DACC Capt. Warburton said the time caring for the dogs weighed on officers and the SPCA staff as they were euthanized through injections and later incinerated.
“It was very hard on the shelter staff who were the people who had cared for and watered these dogs for a significant time,” Capt. Warburton said.
Capt. Warburton followed with, “We do this job because we love animals and it breaks your heart because you know what their future is.”
Twenty-eight dogs were evaluated by the HSUS for scarring on their bodies, DACC said.
As caring for the influx continued, DACC and the SPCA were further challenged by a gag order that made reaching out for help from other shelters impossible, DACC said.
The U.S. Department of Agriculture also was involved during that time, officials said.
The case unfolds
According to DACC, Nelson had a warrant out by the Seaford Police Department on a witness tampering investigation when the alleged dogfighting venture was mentioned, which led to federal scrutiny for the interstate connection.
State authorities said they were involved and apprised by federal authorities during the entire case, and have continued to communicate with the agencies since.
“We’re still connected with the USDA and HSUS and have a strong working relationship with them as a result of the initial investigation,” Lt. Hulse said.
The operation in Houston was significantly larger than an alleged one on West Denneys Road in Dover seven to eight years ago that involved 20 to 25 dogs, DACC said.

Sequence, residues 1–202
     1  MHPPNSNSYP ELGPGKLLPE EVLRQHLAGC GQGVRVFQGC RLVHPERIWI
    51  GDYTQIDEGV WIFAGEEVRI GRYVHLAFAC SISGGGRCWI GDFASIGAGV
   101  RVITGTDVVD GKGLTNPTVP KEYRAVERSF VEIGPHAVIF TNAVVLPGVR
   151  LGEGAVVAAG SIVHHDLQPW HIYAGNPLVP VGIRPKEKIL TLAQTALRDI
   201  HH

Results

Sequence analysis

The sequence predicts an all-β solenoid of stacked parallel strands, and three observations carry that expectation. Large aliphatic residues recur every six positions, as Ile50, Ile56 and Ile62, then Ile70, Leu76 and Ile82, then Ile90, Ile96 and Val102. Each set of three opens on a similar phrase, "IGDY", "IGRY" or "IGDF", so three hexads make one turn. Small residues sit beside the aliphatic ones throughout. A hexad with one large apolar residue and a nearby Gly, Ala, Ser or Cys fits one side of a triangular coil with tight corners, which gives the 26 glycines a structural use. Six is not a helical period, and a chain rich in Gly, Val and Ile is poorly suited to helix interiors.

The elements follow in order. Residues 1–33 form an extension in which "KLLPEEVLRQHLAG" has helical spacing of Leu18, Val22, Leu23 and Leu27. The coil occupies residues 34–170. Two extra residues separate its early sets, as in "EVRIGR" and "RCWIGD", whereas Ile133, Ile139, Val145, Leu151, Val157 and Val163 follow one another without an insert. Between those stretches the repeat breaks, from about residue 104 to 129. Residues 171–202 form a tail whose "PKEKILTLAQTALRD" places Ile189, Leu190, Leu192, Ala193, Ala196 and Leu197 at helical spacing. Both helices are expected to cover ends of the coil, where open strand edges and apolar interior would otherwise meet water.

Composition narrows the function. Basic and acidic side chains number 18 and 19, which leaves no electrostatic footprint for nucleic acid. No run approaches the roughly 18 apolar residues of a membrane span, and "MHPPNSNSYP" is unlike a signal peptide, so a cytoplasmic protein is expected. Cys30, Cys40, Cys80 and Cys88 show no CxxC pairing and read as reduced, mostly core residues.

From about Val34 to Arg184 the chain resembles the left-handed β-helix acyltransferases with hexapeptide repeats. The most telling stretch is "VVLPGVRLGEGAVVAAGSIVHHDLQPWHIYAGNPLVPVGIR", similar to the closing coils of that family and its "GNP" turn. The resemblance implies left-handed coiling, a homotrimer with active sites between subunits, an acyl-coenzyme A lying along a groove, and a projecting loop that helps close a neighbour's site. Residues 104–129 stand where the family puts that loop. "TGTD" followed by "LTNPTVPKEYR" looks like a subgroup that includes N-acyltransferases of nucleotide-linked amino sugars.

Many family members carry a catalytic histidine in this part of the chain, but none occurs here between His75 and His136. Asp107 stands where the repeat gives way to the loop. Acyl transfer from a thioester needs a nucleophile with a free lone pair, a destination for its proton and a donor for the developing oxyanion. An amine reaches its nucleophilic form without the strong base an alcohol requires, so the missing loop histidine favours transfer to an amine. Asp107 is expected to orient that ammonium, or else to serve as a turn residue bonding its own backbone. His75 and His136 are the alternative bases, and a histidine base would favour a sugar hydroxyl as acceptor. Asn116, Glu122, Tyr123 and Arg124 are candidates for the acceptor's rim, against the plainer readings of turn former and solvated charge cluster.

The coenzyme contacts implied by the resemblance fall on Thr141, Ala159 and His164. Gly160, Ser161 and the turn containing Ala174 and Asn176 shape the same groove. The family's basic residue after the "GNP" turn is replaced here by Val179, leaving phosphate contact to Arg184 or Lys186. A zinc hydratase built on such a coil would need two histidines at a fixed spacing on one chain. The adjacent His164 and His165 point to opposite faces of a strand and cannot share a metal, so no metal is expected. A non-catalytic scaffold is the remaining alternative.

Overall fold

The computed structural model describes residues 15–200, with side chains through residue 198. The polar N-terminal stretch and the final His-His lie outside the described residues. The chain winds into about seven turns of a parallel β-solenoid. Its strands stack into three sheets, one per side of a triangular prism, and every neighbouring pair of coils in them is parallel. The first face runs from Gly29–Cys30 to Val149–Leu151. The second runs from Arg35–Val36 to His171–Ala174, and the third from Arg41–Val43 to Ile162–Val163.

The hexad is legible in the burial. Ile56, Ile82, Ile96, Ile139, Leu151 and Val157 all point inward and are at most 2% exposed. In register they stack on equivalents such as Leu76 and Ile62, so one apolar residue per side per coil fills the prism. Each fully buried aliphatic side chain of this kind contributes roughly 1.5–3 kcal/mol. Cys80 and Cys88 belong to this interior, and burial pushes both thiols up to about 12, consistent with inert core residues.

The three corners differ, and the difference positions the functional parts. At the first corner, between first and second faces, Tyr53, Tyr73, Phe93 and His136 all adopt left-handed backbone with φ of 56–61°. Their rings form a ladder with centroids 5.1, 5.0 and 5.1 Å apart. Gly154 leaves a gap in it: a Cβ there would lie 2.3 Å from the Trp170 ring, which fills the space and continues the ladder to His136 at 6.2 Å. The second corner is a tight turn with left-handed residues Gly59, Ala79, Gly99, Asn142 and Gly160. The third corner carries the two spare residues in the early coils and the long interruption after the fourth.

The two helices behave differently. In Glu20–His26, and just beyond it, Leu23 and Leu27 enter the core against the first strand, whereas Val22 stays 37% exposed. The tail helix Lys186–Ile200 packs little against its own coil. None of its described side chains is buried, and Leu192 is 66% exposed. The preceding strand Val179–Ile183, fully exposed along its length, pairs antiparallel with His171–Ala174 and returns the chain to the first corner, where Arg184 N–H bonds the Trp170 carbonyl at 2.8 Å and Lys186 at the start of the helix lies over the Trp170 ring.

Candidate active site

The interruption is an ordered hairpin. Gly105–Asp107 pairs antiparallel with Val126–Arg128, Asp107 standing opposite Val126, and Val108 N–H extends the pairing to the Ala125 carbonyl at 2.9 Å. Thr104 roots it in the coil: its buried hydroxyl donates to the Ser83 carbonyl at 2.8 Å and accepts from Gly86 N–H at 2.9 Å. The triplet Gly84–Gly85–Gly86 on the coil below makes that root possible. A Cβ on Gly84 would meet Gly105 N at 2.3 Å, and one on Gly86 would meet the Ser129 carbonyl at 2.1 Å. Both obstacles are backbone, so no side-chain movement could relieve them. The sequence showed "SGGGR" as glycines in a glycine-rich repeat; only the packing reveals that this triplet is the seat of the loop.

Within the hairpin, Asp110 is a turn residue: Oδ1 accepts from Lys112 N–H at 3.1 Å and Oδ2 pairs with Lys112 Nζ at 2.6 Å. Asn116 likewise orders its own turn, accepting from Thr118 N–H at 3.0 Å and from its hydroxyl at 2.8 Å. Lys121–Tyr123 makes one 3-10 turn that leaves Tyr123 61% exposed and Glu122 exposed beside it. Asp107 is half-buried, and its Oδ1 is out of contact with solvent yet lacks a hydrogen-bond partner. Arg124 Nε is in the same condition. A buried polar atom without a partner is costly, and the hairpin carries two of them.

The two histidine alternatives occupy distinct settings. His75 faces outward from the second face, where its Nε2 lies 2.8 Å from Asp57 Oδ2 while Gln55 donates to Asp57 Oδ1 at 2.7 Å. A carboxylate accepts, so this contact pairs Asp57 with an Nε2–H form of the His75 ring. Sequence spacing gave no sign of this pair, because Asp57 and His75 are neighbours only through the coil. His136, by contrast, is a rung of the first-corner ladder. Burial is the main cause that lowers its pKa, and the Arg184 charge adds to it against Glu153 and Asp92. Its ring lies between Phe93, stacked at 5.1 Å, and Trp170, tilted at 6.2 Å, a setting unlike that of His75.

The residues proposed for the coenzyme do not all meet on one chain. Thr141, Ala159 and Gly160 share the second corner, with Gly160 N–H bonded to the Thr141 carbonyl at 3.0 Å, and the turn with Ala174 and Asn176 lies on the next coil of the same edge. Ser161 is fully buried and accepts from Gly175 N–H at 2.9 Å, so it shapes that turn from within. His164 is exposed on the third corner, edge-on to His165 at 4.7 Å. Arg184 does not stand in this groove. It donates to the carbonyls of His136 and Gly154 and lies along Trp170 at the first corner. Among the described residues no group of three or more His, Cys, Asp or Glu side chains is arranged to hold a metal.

That case also involved marijuana, and state officials said it is typical that other criminal activity is associated with dogfighting.
“When it comes to dogfighting it’s almost guaranteed that drugs, guns and illegal gambling are involved,” said Lt. Hulse, noting that prostitution and a variety of other unlawful activity may be part of the network.
“Dogfighting is entertainment that brings any criminal element to the situation.”
Typically, DACC said, participants show little remorse when dogfighting arrests are made.
“They know when they get caught that it’s part of the game,” Capt. Warburton said.
The dogfighting culture is cloaked in secrecy in a tight underground network, Lt. Hulse said, and “it’s hard to get them to talk.”
Participants consider the dogs business inventory that can be quickly discarded once outliving their usefulness, DACC said.
“Their dogs aren’t pets; they are equipment,” Capt. Warburton said. “There’s a personal (emotional) removal from them, and if (the dogs) aren’t making money they get rid of them.”
Delaware is seen as a central location for dogfighting ventures and gatherings, with its proximity to New York, Philadelphia, North and South Carolina, and Baltimore, among other high interest areas, DACC said.
HSUS offers up to $5,000 in rewards for information leading to dogfighting arrests.
Anyone with concerns or suspicions of possible animal cruelty can call the DACC at 698-3006. More information is available at www.deacc.org.